Strategic competition between China and the United States in Asia-Pacific is intensifying, with Beijing's growing capability to bully America's allies in Asia, block U.S. military presence in East and South China Seas, and cut off U.S. access to parts of the global commons in possible pursuit of regional hegemony.
The United States is fighting back. "The U.S. military strategy underpinning the Obama administration's 'pivot' to Asia," writes Walter Ladwig at University of Oxford, "is known in Pentagon circles as 'Air-Sea Battle.' It depends upon the long-range capabilities of the U.S. Navy and Air Force to overcome the mines, submarines, anti-ship missiles and other advanced technology designed to keep the U.S. military out of 'exclusion zones' established by potentially hostile powers. Air-Sea Battle has attracted the most attention in the Asia-Pacific region, where America's allies see it as a way to respond to an increasingly confrontational China."
To show support for its allies in the Asia-Pacific region, the U.S. military and Japan's Self-Defense Force launched a month-long joint military exercise on the western Pacific island of Guam in September, aimed at strengthening two militaries' capability to defend remote islands from "foreign" attack. The U.S.-Japanese joint exercise coincided with U.S. State Department's announcement that the U.S.-Japan security treaty will apply to the disputed Senkaku Islands and Secretary of Defense Leon Panetta's Singapore declaration that 60 percent of U.S. warships, including six of the 11 aircraft-carrier strike groups, will be stationed in the Asia-Pacific.
Beijing, in turn, has decoded President Obama's 'pivot' to Asia policy and Secretary Panetta's "Air-Sea Battle" strategy as a clear sign of Washington's aggressive policy to contain China. In response, China spent $129 billion on its armed forces in 2011, a significant portion of which is dedicated to acquiring "anti-access" capabilities, according to the Stockholm International Peace Research Institute.
Viewing from Beijing, as Ladwig points out, "it is not hard to see how the United States would appear threatening to China, particularly when it spends six times as much on defense and has formal alliances or strategic partnerships with the third, fourth and fifth strongest military powers in Asia."
As defense strategy getting in the way of diplomacy, Beijing sees the United States is "pivoting toward trouble" in the Asia-Pacific.
"From China's perspective," writes Jian Junbo, a Chinese international relations specialist at Shanghai's Fudan University, "it is not coincidental that its long-standing but dormant territorial disputes with Japan and other neighboring countries in the South China Sea suddenly intensified after Washington announced its 'return to Asia' strategic shift. Behind all the conflicts associated with China and its neighbors in recent years, there is the big shadow of the United States, which is pouring fuel on the flames. With the United States actually taking sides, territorial disputes in the South China and East China seas have quickly escalated into dangerous conflicts between Beijing and its neighbors."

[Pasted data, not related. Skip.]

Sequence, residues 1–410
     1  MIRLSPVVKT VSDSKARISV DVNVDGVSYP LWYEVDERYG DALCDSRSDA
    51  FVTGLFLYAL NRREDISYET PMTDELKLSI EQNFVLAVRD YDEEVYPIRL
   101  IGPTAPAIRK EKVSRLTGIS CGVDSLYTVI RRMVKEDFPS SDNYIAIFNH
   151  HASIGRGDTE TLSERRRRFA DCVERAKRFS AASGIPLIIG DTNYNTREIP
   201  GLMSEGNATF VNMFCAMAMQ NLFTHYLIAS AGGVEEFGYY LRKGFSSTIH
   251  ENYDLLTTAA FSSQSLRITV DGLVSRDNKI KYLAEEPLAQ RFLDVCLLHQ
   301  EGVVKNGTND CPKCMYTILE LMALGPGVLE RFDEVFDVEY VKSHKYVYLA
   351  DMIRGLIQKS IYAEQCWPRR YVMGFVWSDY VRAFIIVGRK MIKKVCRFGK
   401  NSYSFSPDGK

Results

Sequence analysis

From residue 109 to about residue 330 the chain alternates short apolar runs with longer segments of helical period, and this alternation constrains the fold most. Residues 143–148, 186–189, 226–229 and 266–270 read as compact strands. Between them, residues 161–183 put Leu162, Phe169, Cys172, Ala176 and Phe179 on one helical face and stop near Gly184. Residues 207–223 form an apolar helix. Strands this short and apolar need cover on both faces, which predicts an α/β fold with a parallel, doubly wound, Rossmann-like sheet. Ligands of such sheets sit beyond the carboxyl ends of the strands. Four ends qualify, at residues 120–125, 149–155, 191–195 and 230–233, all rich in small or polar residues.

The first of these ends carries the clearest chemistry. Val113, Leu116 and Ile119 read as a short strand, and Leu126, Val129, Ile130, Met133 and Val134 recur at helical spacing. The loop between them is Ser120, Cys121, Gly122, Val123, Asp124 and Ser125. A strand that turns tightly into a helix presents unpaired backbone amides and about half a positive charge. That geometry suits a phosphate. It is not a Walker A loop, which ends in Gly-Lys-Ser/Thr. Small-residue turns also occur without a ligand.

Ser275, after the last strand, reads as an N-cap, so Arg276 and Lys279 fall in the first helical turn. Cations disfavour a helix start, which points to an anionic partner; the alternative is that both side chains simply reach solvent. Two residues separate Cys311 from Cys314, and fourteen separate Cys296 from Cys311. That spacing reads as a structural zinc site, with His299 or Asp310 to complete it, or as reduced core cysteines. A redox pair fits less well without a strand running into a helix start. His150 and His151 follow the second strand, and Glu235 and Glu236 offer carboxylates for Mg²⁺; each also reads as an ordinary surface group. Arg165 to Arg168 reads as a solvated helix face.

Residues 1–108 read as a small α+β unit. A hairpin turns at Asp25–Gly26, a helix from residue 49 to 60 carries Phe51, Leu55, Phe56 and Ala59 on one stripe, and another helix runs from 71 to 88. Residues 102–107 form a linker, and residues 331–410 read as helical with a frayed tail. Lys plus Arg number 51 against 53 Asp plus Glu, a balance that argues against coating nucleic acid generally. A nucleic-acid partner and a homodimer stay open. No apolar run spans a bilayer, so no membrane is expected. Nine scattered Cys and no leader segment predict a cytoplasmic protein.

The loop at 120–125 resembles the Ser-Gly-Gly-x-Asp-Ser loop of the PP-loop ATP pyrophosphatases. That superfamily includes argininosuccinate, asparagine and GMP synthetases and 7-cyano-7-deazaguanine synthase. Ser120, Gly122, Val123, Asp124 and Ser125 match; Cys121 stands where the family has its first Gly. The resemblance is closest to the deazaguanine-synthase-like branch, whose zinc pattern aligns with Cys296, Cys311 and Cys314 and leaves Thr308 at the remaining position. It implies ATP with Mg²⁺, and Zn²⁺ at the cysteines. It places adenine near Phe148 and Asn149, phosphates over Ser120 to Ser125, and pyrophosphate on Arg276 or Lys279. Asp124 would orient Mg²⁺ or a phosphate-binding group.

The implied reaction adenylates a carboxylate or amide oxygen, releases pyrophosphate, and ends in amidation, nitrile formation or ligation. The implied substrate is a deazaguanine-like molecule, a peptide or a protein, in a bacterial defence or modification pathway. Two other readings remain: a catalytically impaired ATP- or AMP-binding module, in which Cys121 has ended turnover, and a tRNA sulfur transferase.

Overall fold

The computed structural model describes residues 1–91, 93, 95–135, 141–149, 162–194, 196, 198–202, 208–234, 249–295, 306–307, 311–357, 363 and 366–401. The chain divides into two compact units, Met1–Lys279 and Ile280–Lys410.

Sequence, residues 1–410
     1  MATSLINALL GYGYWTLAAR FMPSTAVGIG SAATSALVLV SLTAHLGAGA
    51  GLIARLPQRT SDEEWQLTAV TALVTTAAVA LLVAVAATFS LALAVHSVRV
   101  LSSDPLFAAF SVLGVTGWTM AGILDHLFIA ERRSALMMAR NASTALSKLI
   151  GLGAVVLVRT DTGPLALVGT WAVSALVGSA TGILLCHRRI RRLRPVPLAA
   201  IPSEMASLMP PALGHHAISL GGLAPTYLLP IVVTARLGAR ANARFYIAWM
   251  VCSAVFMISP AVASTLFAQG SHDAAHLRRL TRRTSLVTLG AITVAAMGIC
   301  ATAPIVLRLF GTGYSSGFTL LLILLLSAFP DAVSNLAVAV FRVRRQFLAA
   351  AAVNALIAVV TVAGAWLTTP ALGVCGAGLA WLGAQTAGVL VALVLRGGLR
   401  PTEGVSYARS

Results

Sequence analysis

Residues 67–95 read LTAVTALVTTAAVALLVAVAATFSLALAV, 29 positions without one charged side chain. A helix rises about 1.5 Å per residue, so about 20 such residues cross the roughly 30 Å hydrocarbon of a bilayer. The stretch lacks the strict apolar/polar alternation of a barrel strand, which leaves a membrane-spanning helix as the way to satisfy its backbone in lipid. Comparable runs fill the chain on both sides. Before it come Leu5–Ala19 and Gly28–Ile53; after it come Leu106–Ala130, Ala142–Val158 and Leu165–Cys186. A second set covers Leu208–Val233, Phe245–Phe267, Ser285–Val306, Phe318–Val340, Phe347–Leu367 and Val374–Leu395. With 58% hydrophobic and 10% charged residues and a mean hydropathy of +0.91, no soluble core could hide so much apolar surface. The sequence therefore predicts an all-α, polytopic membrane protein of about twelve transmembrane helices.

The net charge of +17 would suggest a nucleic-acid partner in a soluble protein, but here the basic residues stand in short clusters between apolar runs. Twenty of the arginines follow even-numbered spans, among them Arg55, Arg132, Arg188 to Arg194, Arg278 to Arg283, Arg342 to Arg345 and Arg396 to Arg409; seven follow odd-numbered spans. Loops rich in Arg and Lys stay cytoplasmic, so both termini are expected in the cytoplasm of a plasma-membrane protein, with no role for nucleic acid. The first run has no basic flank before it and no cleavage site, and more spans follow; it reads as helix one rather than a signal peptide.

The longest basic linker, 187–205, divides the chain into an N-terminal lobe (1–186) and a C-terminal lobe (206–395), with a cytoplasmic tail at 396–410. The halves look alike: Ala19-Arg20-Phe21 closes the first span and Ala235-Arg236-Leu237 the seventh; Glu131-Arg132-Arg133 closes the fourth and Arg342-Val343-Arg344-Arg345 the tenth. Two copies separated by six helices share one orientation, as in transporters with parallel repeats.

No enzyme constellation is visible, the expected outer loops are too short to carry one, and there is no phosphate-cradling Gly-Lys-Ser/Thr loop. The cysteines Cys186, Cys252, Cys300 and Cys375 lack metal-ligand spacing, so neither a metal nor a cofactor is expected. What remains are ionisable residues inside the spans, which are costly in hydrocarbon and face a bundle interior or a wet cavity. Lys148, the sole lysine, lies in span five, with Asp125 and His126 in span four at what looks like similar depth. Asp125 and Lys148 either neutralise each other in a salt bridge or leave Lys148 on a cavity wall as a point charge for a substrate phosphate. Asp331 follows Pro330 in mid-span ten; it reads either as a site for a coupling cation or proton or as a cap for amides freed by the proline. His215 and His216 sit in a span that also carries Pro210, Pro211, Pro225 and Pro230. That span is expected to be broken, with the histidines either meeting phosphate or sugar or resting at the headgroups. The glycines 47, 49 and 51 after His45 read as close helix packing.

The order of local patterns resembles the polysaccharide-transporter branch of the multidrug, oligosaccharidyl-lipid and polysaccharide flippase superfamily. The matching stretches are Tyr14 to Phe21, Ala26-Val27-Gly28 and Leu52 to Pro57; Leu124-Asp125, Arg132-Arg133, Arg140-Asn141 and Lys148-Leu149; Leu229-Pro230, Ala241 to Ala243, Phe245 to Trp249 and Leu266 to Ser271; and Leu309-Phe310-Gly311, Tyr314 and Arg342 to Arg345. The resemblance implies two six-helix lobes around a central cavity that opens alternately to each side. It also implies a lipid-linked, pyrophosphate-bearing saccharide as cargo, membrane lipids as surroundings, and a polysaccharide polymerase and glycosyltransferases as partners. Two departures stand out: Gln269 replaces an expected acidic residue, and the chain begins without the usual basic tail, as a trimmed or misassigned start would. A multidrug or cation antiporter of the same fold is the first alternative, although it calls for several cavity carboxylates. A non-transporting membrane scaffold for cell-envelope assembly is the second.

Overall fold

To make things worse, "growing nationalism in Asia, especially China," noted London-based The Economist, "aggravates the threat. Having helped create nationalism and exploited it when it suited them, China's leaders now face vitriolic criticism if they do not fight their country's corner. A recent poll suggested that over half of China's citizens thought the next few years would see a 'military dispute' with Japan. The islands matter, therefore, less because of fishing, oil or gas than as counters in the high-stakes game for Asia's future. Every incident, however small, risks setting a precedent. Japan, Vietnam and the Philippines fear that if they make concessions, China will sense weakness and prepare the next demand. Beijing fears that if it fails to press its case, the United States will conclude that it is free to scheme against China."
A 21st-century Great Game - the strategic rivalry between China and the United States for supremacy in Asia - is unfolding in the West Pacific. While the "best defense" may still be "dialogue," as Ladwig suggested, neither China nor the United sees that everything can be resolved by just talk the talk. As both China and the United States are preparing to walk the walk, the Asia-Pacific is entering a new round of the arms race. And "the more militarized the region becomes," says Stephanie Kleine-Ahlbradt, a China analyst with the International Crisis Group, "the harder it is to resolve conflicts."
Xiaoxiong Yi is the director of Marietta College's China Program.